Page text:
Betsy Ehrenberg is a founding partner of the firm and has been practicing labor and employment law since 1989. She represents individuals and classes of individuals in trials and appeals of employment-related disputes, including employment discrimination, wrongful discharge, civil rights violations, non-competition agreements, and denials of disability accommodations or benefits. She also represents individuals in administrative disciplinary proceedings, including before state licensing agencies.
Ms. Ehrenberg represents unions in negotiations, arbitration, administrative proceedings, and trial and appellate litigation. Among her clients are unions representing food and commercial workers, service employees, healthcare workers, and telecommunications workers. She also represents public sector unions of healthcare workers, mental health professionals, municipal and state government workers, firefighters, and police.
Ms. Ehrenberg has chaired and served as panelist at continuing legal education seminars sponsored by the Massachusetts Bar Association, the American Bar Association, Massachusetts Continuing Legal Education, and the National Labor Relations Board, on topics including state and federal anti-discrimination law, the Family and Medical Leave Act, the National Labor Relations Act, and issues in collective bargaining and arbitration.
Ms. Ehrenberg has litigated successfully on behalf of individuals discriminated against because of disability, age, sex, and sexual orientation, on behalf of unions in arbitration and appellate courts, and on behalf of classes of retirees deprived of promised health insurance benefits. Some representative cases include:
Cargill v. Harvard University, 60 Mass. App. Ct. 585 (2004) (University reference librarian with rheumatoid arthritis entitled to have jury, not judge, decide claims of handicap discrimination and failure to provide reasonable accommodation)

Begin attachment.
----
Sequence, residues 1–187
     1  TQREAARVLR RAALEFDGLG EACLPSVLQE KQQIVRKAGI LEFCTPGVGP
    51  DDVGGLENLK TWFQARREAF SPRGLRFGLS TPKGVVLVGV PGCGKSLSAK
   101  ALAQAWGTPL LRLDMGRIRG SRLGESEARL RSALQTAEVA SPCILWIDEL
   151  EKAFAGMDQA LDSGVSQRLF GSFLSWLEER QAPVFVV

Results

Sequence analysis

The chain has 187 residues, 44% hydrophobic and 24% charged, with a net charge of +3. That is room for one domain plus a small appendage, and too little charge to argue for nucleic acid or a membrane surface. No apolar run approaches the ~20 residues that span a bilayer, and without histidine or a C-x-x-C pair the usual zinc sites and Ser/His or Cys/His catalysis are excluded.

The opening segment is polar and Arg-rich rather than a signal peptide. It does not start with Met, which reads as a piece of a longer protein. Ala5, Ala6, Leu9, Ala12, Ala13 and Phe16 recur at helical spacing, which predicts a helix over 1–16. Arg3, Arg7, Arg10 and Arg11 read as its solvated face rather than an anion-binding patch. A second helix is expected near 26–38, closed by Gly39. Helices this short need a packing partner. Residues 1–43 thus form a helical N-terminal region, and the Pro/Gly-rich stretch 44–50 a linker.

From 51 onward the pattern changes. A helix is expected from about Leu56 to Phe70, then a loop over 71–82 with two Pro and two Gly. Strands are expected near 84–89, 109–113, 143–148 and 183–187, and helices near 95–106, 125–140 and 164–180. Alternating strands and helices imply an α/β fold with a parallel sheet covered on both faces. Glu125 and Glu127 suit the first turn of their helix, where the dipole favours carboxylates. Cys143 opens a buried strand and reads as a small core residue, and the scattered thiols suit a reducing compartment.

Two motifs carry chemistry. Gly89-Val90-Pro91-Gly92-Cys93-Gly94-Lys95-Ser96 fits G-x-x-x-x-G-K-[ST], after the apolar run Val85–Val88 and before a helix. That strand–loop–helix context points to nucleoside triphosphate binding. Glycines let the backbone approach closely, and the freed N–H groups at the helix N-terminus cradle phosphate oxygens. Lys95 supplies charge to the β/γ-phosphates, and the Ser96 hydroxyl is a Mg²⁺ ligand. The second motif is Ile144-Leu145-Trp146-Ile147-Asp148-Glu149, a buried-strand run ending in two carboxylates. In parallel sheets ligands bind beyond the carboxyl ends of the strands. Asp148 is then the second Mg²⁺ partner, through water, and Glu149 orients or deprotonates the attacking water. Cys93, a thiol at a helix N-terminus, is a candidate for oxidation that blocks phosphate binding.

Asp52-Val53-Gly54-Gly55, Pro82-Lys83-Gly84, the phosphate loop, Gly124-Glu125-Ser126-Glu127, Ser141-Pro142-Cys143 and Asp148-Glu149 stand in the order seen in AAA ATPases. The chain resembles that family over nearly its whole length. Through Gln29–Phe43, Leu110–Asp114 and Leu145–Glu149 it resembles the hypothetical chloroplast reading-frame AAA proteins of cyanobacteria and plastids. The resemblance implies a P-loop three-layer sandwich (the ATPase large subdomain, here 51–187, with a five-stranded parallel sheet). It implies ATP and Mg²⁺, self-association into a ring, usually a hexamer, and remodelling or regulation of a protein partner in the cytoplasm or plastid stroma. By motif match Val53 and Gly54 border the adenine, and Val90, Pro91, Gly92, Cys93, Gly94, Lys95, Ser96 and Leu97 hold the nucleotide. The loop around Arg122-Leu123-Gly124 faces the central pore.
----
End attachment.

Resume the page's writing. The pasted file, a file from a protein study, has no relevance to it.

Wennik v. Polygram Group Distribution, 304 F.3d 123 (1st Cir. 2002) (upholding jury verdict for plaintiff discriminated against because of disability)
Dichner v. Liberty Travel, 141 F.3d 24 (1st Cir. 1998) (upholding jury verdict for plaintiff discriminated against because of epilepsy controlled by medication)
Young et al. v. IMO Industries, D. Mass. C. A. No. 94-CV-12508 (Woodlock, J.) (ordering trial on whether, under federal labor and ERISA law, former employer lawfully could change, reduce, or eliminate health insurance benefits promised to retirees in collective bargaining agreements executed by their United Steelworkers of America local during employees’ years of active employment)
Shaw’s Supermarkets, Inc. v. United Food and Commercial Workers Union, Local 791, AFL-CIO, 321 F.3d 251 (1st Cir. 2003) (defeating employer’s attempt to avoid arbitration of grievances under multiple contracts which union sought to consolidate into a single arbitration)
Martin v. Shaw’s Supermarkets, Inc., 105 F.3d 40 (1st Cir. 1997), cert. den. 522 U.S. 818, 118 S.Ct. 69 (1997) (settling relationship between state workers compensation law and federal labor law)
In addition, Ms. Ehrenberg has submitted friend of the court briefs in numerous appellate cases on behalf of individuals discriminated against because of sexual orientation, age, sex, race, and national origin.
Northeastern University School of Law, J.D., 1989
University of Michigan, M.A. (Clinical Psychology), 1973
Wellesley College, B.A. (Psychology), 1970
Phi Beta Kappa, 1969
Durant Scholar, 1969, 1970
Massachusetts Employment Lawyers Association
National Employment Lawyers Association
AFL-CIO Lawyers Coordinating Committee
Commonwealth of Massachusetts, 1989
United States Court of Appeals For The First Circuit, 1996
United States District Court for the District of Massachusetts, 1990
617.367.7200, ext. 204